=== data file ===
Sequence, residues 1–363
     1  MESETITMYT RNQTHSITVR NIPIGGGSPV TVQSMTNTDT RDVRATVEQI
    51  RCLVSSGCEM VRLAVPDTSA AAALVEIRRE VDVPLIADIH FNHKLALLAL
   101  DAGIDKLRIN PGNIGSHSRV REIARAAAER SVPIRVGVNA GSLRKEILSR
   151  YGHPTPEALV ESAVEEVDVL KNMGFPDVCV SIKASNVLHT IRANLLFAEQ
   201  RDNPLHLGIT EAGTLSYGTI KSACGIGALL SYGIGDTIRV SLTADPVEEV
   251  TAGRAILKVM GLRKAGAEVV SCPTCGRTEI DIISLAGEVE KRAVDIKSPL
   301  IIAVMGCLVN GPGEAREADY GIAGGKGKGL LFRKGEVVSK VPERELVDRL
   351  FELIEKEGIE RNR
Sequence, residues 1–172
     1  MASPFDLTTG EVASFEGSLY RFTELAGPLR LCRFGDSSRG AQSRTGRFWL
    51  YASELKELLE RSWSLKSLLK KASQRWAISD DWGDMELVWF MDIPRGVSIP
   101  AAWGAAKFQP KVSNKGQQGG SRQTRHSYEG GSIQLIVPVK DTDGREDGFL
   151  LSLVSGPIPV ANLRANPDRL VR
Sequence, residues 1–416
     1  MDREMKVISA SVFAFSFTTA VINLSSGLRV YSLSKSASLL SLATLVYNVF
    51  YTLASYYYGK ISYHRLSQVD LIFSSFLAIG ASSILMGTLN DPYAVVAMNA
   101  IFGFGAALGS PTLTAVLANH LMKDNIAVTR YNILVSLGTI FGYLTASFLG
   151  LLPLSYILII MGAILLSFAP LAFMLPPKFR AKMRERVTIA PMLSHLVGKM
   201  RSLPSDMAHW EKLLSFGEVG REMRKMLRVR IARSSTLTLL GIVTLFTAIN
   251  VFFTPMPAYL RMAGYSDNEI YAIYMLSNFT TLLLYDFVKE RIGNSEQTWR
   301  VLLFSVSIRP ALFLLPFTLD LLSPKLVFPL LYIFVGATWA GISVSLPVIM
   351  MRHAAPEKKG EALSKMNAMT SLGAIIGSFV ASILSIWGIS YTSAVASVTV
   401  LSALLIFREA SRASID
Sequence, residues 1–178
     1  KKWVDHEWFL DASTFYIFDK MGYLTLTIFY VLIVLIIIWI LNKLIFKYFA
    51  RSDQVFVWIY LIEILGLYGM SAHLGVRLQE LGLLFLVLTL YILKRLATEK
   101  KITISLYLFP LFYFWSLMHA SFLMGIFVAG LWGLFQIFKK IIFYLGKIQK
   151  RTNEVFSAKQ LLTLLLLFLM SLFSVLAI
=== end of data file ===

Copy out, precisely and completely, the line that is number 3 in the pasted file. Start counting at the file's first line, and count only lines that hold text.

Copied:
    51  RCLVSSGCEM VRLAVPDTSA AAALVEIRRE VDVPLIADIH FNHKLALLAL